The author gives up her job as headmistress of a girls boarding schools and spends 1987 and 1988 cycling around the world. Following the route of Alexander the Great, this rewarding travelogue is steeped in her enthusiasm for the classics
Virgin Books 1 85227 337 2 Octo 250pp £14.99
This is cycle touring for Radio Three listeners. The culture is high, and the route guided by classical scholarship. Its author won’t deign to mend a puncture. It is an uncommon pleasure, as a result.
Reaching her mid-50s after more than a decade as a head teacher, Mustoe decided to travel – and by a means with which she was almost entirely unfamiliar. Drawing on her classics degree from Cambridge, and a lifetime visiting Italy and Greece, the author sets off on Roman roads, the courses of ancient military campaigns and visiting sites of significant cultural interest.
Her research, before setting off through Kent (on the route of Chaucer’s pilgrims, of course) is considerable. As a result, she is able to follow, pretty accurately, Roman routes through Europe and Alexander’s route into the near east. Doing so, she provides perspectives on the design and construction of such roads that alone make the book worth reading by cyclists. But there is plenty more here than that.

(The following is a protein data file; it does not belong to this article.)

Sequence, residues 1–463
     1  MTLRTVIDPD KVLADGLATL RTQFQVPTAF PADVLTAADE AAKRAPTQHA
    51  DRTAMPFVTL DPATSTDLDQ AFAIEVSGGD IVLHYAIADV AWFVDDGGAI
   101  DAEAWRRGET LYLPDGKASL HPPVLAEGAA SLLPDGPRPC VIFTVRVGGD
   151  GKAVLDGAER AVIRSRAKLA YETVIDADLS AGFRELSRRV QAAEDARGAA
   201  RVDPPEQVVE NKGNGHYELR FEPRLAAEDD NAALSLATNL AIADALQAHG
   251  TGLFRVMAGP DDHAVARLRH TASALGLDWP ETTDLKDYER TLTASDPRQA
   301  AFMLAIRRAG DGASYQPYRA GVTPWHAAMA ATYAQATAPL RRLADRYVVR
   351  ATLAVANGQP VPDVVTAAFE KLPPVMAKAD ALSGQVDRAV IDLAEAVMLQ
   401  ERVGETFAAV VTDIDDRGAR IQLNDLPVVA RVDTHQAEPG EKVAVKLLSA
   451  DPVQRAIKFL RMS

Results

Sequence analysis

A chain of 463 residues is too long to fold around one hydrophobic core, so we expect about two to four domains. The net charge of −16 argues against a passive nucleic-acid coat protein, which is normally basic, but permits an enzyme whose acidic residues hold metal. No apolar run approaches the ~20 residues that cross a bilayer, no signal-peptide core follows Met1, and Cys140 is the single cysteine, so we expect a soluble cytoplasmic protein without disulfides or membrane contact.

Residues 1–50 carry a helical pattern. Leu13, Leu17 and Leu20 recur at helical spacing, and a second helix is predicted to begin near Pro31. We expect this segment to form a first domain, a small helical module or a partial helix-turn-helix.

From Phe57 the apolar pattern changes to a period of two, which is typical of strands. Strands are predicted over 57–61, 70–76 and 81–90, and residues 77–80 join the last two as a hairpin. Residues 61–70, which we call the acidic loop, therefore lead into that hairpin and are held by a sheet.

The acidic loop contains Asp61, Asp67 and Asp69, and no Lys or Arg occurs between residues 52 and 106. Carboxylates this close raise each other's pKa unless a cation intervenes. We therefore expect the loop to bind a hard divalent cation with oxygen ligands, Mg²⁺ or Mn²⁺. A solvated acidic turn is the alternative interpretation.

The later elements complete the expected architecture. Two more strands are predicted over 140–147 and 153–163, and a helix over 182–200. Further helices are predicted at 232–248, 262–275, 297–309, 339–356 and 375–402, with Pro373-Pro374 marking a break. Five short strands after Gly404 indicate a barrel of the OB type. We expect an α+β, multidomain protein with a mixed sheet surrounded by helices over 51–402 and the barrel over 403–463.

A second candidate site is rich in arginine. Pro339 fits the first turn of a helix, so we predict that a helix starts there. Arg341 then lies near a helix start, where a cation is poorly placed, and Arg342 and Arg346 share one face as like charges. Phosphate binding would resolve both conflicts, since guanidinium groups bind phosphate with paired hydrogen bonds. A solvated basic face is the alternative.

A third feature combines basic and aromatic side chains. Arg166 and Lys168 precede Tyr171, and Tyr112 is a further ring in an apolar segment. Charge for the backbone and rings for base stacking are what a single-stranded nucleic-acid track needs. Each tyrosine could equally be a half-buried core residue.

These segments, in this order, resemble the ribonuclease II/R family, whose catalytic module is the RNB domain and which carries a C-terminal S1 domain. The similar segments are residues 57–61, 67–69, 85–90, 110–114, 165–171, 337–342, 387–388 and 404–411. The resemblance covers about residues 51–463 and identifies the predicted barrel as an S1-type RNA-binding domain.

Here she is arriving in Rome.
“I crossed the Piazzale Flaminio and cycled through the Porta del Popolo into the magnificence of the Piazza del Popolo. The inner face of the Porta, on the side of the ancient Porta Flamina, was embellished in 1655 by Bernini for the State entry into Rome of Queen Christina of Sweden. The Piazza del Poplo itself is a breathtaking collection of monuments, from the central obelisk, brought by Augustus from Helliopolis after the conquest of Egypt to the exuberant fountains and statues of Veladier, who laid out the Piazza in honour of the return of Pope Pius VII from France in 1814. The Borghese Gardens to the left and the Baroque churches of Santa Maria dei Miracoli and Santa Maria in Montesanto complete this overwhelming complex. I parked my bicycle outside the church door and took some photographs..”
She is a very able author, however, and over the book, she makes enjoyably light work of some otherwise forbidding history. Indeed, the book would serve as an excellent starting point for anyone considering a similarly themed tour of Italy, Greece, Turkey or Pakistan, not least because of the detailed chapter headings, that make very easy its use for reference purposes.
Beyond Pakistan (except for Malaysia) is not Mustoe’s métier. She does not like India, can’t understand Thailand and somewhat grudgingly pedals her way across the United States – rather reinforcing the adage that the fly-over states are not so known without reason.
Nonetheless, this remains a landmark travelogue for three reasons. It sold in very significant numbers; opened up to a whole new audience the idea that a tour of this kind was possible in middle age; and, also launched Mustoe’s career as a cycling travel writer. Do date, she has written five further books of cycle tours, and, although now in her mid-70s, is about to embark on another year long exploration.
PS April 09
Sadly Anne Mustoe died on 10 November 2009. Her obituary appearing in many papers including The Daily Telegraph.